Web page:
When the Struggle Ends, Who Am I?

by Charles Eisenstein Apr 17, 2022

Until 2020, opinions on virology, epidemiology, and holistic health alternatives carried little political charge. The pandemic associated these with political identities to an extent that made rational discussion difficult. Now that the political charge is dissipating, a window opens through which to see a bigger picture. When the struggle ends, Who are we?

That’s not all that is dissipating. Political identity is social identity; it invokes potent psychologies of belonging. As opinions lose their charge, we become no longer so attached to them and so defined by them. What’s more, since beliefs are not isolated intellectual structures, but part of a state of being, their loosening can accompany big emotional and spiritual shifts. This is especially true for partisans in any debate when that issue recedes from prominence. If I have been defined by my role in a certain struggle, and that struggle ends, then who am I?

I won’t say that the struggle that surfaced via the Covid controversies has ended, but it has surely entered a new phase. Some of its partisans are taking a step back to look at the bigger picture—not only the social-political picture, but of their own role in it.

One such person is Sayer Ji, the founder of the website Greenmedinfo, a compendium of scientific articles validating natural and holistic therapies. Sayer was censored and banned across social media as one of the so-called “disinformation dozen,” and became known as a leader in the so-called Health Freedom movement. We had a delightful conversation that we recorded a few days ago that I want to share with you. It isn’t necessarily that his, or my, opinions on key Covid issues have changed. In fact, we didn’t talk about those issues at all. The reason I am so keen to share this recording is for the change in tone and focus. Sayer chose The More Beautiful World our Hearts Know is Possible for the title, and an energy of optimism suffused the whole dialog even as we alluded to some of the dark places we had visited.

Another recent conversation I enjoyed was for the Psychedelic Healing Summit (registration here), where I was in dialog with Claudia Cuentas, who does medicine work with communities of color in Oregon. Coming from very different perspectives, we came to an interesting convergence. I expect to write more on this topic in coming months. For now I’ll just say that the current psychedelic renaissance corresponds to the aforementioned loosening of belief and identity that so many are going through today, as we try and fail to reassemble the shards of the old normal into something familiar.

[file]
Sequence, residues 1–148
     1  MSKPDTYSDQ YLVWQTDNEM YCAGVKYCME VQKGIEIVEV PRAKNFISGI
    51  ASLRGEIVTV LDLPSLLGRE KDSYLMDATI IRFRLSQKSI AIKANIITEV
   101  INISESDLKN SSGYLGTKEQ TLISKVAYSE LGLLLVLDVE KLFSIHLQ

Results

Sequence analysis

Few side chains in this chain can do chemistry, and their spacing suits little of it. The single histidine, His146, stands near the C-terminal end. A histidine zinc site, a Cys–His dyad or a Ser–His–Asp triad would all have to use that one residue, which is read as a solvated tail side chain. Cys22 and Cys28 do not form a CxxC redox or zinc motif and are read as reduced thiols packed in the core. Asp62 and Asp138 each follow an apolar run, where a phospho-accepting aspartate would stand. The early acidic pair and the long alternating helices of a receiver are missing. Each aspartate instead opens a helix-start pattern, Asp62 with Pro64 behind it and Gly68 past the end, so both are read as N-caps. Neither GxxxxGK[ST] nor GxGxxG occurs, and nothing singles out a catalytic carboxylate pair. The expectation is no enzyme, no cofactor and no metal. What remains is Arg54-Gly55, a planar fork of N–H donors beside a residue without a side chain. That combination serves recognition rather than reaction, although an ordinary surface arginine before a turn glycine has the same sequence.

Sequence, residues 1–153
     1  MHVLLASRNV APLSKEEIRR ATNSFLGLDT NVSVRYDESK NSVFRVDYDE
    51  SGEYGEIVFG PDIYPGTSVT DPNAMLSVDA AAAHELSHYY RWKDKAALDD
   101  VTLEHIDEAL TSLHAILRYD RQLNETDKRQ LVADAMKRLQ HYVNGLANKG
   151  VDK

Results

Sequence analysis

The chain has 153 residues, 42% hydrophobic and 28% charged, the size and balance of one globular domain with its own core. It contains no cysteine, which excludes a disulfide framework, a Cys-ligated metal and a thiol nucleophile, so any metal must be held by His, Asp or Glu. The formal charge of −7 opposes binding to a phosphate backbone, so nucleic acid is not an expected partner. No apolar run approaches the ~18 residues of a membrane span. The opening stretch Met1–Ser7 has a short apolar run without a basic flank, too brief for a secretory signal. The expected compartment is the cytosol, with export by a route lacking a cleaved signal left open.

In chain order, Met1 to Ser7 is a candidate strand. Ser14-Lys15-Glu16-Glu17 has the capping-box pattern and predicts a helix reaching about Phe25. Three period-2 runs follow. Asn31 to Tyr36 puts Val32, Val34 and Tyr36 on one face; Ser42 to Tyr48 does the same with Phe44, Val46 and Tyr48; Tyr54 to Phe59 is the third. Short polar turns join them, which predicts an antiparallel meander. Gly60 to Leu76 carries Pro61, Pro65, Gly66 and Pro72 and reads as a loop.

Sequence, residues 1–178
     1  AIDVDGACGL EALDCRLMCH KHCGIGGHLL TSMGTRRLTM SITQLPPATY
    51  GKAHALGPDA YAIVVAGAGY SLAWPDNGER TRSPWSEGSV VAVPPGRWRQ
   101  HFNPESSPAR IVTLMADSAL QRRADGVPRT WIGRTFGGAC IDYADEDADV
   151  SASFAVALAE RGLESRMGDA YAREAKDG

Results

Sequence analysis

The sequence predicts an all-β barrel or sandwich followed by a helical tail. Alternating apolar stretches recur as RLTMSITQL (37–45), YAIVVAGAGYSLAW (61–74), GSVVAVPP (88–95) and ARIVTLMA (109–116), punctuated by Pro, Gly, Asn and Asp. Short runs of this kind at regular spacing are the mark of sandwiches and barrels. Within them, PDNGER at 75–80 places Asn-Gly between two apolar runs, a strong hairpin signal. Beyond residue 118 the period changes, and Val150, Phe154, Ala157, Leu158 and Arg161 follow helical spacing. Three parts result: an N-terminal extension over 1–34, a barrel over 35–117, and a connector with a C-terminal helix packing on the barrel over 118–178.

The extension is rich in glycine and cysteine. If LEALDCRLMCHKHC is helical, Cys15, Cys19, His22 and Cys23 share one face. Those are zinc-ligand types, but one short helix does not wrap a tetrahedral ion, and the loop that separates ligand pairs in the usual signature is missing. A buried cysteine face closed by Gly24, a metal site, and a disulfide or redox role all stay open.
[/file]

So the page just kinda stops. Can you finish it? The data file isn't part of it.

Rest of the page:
Someone just sent me an article about whether psychedelics can cure narcissism. I thought, “I used to be a narcissist, but stopped when I realized it was making me look bad.”

Ahem. All right, let me mention a couple more events I’ll be part of. The Yes& Conscious Living Festival (It’s in Australia; I’ll be speaking via Zoom). From Me to We festival (also online). Honestly, I am a little cynical about anything online that calls itself a festival, a term I reserve for in-person events in which normal social conventions are in some way temporarily suspended. But these were intriguing and creative, so I decided to contribute to them anyway. Have a look if you are curious.

I’m still finishing up my first essay of the economics series. I will follow it with a post responding to the large number of econ questions people sent in. I’m trying to make it not boring. Why is economics normally so boring? Actually there is a good reason why. It is because, as a field of study, it deals in abstractions, starting with the abstraction of money itself. Yet paradoxically, these abstractions bear direct, sometimes mortal consequences for real people. OK, bye for now.

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